Category: ‘Debt Relief’

When Is the Right Time to File for Bankruptcy?

July 12, 2018 Posted by kingcade

Making the decision to file for bankruptcy is never an easy one.  For some, it can be difficult to get past some of the myths associated with filing for bankruptcy.  Sometimes by waiting, an individual facing a lot of debt can find himself or herself in an even worse situation. So, when is the right time to file for bankruptcy?

A recent study from the Consumer Bankruptcy Project and an article from the Notre Dame Law Review highlighted that the longer people wait to file bankruptcy, the more they end up struggling- not only financially, but in their personal lives as well.

The following factors are indicators that you should consider filing for bankruptcy, or at least sit down with an experienced bankruptcy attorney to discuss your options in more detail.

  • If your debt amount is more than 40 percent of your income. The higher the debt-to-income ratio a person has, the less likely it is he or she will earn enough money to ever pay back the debt;
  • If you are using debt, such as credit cards or unsecured personal loans, to pay for other debts;
  • If your debts include items that can be liquidated in bankruptcy, such as medical debt, credit cards or personal loans;
  • You are using payday loans to help cover necessities before your next paycheck. This is oftentimes a sign your expenses are exceeding your income;
  • If you are forgoing necessities such as healthcare, prescriptions, or food;
  • If the collection calls have reached a breaking point;
  • If you have been threatened with a lawsuit, are being sued by a creditor or your wages are being garnished.

If someone is on the fence as to whether to file for bankruptcy, he or she should schedule a free consultation with a bankruptcy attorney.

If you have questions on this topic or are in financial crisis and considering filing for bankruptcy, contact an experienced Miami bankruptcy attorney who can advise you of all of your options. As an experienced CPA as well as a proven bankruptcy lawyer, Timothy Kingcade knows how to help clients take full advantage of the bankruptcy laws to protect their assets and get successful results. Since 1996 Kingcade Garcia McMaken has been helping people from all walks of life build a better tomorrow. Our attorneys’ help thousands of people every year take advantage of their rights under bankruptcy protection to restart, rebuild and recover. The day you hire our firm, we will contact your creditors to stop the harassment. You can also find useful consumer information on the Kingcade Garcia McMaken website at www.miamibankruptcy.com.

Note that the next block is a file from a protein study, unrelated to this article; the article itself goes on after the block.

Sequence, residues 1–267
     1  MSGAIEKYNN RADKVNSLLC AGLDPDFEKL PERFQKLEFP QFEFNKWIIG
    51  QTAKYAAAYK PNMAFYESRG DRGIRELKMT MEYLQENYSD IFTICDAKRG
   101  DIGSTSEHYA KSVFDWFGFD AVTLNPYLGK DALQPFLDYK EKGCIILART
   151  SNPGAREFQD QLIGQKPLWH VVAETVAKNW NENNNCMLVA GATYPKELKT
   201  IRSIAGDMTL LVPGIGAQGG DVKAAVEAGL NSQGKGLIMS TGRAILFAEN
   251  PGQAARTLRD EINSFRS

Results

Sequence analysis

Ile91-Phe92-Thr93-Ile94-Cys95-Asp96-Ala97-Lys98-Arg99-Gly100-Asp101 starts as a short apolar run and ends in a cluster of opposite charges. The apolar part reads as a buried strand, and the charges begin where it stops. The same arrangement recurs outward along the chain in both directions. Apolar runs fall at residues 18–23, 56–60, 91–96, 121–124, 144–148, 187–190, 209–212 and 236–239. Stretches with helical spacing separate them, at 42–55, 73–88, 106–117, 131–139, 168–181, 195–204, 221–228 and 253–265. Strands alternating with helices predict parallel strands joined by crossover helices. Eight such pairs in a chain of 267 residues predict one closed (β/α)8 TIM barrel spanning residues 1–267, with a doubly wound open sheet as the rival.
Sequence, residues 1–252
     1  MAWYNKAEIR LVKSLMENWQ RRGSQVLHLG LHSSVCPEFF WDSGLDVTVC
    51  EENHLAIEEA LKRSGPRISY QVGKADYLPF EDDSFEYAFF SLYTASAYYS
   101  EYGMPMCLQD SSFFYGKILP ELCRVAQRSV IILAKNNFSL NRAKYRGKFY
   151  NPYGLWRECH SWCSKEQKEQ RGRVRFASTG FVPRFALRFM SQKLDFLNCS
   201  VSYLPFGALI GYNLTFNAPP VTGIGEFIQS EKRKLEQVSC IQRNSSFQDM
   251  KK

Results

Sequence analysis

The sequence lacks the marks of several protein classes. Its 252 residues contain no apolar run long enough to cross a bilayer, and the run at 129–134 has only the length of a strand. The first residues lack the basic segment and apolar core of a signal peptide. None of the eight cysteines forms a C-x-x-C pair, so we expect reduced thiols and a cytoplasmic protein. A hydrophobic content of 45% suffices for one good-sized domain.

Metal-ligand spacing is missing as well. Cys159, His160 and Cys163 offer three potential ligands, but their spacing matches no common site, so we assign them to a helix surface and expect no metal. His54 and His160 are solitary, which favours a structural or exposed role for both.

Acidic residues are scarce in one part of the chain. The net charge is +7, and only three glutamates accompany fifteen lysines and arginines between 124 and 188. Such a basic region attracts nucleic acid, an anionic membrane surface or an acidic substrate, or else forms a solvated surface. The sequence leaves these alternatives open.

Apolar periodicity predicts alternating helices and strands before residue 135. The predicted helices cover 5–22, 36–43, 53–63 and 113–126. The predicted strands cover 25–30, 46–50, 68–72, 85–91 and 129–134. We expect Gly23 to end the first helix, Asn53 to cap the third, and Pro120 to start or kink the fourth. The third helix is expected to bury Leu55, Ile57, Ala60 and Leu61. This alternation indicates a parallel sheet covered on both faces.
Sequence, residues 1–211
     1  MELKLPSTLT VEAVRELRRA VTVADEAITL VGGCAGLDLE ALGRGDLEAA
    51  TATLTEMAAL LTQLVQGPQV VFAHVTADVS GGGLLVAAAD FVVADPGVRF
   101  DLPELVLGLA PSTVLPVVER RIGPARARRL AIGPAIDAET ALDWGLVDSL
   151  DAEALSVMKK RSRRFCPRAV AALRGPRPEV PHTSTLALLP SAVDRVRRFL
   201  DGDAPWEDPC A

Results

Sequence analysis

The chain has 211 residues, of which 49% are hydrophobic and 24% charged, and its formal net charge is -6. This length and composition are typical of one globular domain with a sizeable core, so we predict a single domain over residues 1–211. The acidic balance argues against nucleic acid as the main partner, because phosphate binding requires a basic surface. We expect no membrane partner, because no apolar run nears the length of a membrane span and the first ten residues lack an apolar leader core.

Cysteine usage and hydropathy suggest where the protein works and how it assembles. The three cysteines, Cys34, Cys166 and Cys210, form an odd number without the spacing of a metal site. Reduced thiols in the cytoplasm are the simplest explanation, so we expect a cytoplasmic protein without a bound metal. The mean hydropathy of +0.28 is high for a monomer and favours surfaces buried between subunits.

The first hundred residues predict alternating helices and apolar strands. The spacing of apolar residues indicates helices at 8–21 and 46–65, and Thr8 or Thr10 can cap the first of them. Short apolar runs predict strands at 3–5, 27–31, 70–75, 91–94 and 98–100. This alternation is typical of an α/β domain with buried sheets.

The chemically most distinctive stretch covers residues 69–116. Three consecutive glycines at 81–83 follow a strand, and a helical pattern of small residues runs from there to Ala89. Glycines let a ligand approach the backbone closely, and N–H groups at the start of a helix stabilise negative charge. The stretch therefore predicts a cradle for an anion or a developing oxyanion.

Student Loan Borrowers Seeing Some Relief from Bankruptcy Judges

July 11, 2018 Posted by kingcade

Student loan borrowers are beginning to see some relief in bankruptcy court when it comes to discharging student loan debt. At the start of 2018, the Department released a statement that it was reviewing student loan bankruptcy laws with respect to how difficult it has been for borrowers to receive a discharge of their student loan debt in bankruptcy. Following this statement, some bankruptcy court judges have lessened the standards borrowers are held to when deciding on whether the loan obligation should be discharged.

Since the statement was made by the Department and subsequent request for comments on the current policy, no updates have been given as to whether the Department would be making official policy changes. In the meantime, bankruptcy court judges seemed to have taken a cue from the Department and are now making rulings to make loan repayment terms easier on borrowers for the meantime.

A recent Wall Street Journal report found that judges were more becoming more lenient when dealing with individuals saddled with student loans. Current college graduates are now entering the workforce with well over six figures in student loan debt. Unless these graduates land a job making an income that is comparable to this debt, these individuals soon find themselves unable to make student loan payments. Bankruptcy is meant to provide individuals drowning in debt with a way out, but the current policy with respect to student loan debt has dictated that this obligation stays with the debtor even after a bankruptcy discharge of all other debts.

The study looked at 50 current and former bankruptcy court judges, reviewing bankruptcy cases where the filer had student loan debt. The study showed that a number of the judges were very sympathetic to the cause of the individuals in front of them who were not able to pay their current student loan debt obligations. In fact, many of them understood the struggle all too well with student loan debt since they may also carry debt from law school, or they may be influenced by the struggles they see with their law clerks finishing or graduating from law school. It is estimated that the average lawyer holds just under $120,000 in student loan debt.

These judges are required to follow the legal standard that a borrower must pass the “undue hardship test,” which has traditionally been a strict standard. It has also been a standard that has never been clearly defined by bankruptcy law and has been applied inconsistently from court to court.

Congress has never given a clear definition for what undue hardship consists of, but many courts have used the “Brunner” test to determine what this means.

The Brunner test requires that the borrower show that he or she has made a good faith effort in repaying the debt, that the financial circumstance is such that the person cannot have a reasonable standard of living if he or she has to repay the debt, and this financial situation is likely to continue in the future.